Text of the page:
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Veil of Rosesby Laura Fitzgerald
Synopses & Reviews
As I walk past the playground on my way to downtown Tucson, I overhear two girls teasing a third: Jake and Ella sitting in a tree. K-I-S-S-I-N-G. First comes love, then comes marriage, then comes a baby in a baby carriage
Curious, I stop mid-stride and turn my attention to Ella, the redheaded girl getting teased. She looks forward to falling in love; I can see it by the coyness in the smile on her freckled nine-year-old face. I shake my head in wonder, in openmouthed awe. I think, as I so often do: This would never happen in Iran.
None of it. Nine-year-old girls in Iran do not shout gleefully on playgrounds, in public view of passersby. They do not draw attention to themselves; they do not go to school with boys. They do not swing their long red hair and expect with Ella's certainty that romantic love is in their future. And they do not, not, not sing of sitting in trees with boys, kissing, and producing babies. In the Islamic Republic of Iran, there is nothing innocent about a moment such as this.
And so I quickly lift the Pentax K1000 that hangs from my neck and snap a series of pictures. This is what I hope to capture with my long-range lens: Front teeth only half grown in. Ponytails. Bony knees. Plaid skirts, short plaid skirts. That neon-pink Band-Aid on Ella's bare arm. I blur out the boys in the background and keep my focus only on these girls and the way their white socks fold down to their ankles. The easiness of their smiles. They are so unburdened, these girls, so fortunate as to take their good fortune for granted.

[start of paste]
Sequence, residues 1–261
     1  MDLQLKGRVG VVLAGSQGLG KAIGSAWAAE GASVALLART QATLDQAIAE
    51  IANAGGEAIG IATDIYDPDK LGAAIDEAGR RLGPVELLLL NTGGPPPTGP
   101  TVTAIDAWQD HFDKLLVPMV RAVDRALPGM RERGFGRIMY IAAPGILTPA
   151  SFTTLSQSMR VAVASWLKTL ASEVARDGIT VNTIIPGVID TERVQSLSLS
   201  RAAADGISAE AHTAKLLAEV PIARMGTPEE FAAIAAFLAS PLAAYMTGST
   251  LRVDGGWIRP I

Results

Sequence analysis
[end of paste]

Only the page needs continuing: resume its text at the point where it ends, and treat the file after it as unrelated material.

Ella sees me taking pictures and nudges the others, so I lower my camera, wave to them, and give them my biggest, best pretty-lady smile, one I know from experience causes people to smile back. And sure enough, they do. I wave one last time and then I walk on. I am changed already, from just this little moment. These fearless girls have entranced me, and I know that when I study my photographs of these recess girls, I will look for clues as to what sort of women they will become.
I hope they find romantic love. And passionate kisses, and men who look at them with eyes that see all the way into their souls. Then I know they will be happy, and I know they will be whole.
First comes love, then comes marriage. A childhood chant, a cultural expectation. Americans believe in falling in love with every fiber of their being. They believe it is their birthright; certainly, that it is a prerequisite for marriage. This is not so where I was raised. In the Islamic Republic of Iran, marriages are often still negotiated between families with a somewhat businesslike quality. In most modern families, girls have some say in the matter. They can discourage suitors, or, as I did, delay marriage by seeking a university degree.
It isn't that Iranian men necessarily make bad husbands. Like my dear father, many are kind and gentle and interested in their wives as people, not just bearers of their children. Then again, some are not. There are family teas, gift-givings, and dinners, but a woman often spends no time alone with her fiance before her wedding. So it is, as one might say in America, a crapshoot. A woman goes into her husband's family in a white gown and she leaves it only in a white shroud, in death.
That is our culture.
And that is our future, inescapable for most girls.
Inescapable, it had
Raised amidst the confines of Iranian society, young Tamila Soroush escapes the oppression of Iran for the freedom of America, enjoying her everyday acts of rebellion against her background and capturing her new life through the lens of her camera, all the while searching for a husband who can prevent her return home. Original.
Laura Fitzgerald lives in Tucson, Arizona with her Iranian-American husband and their two children.
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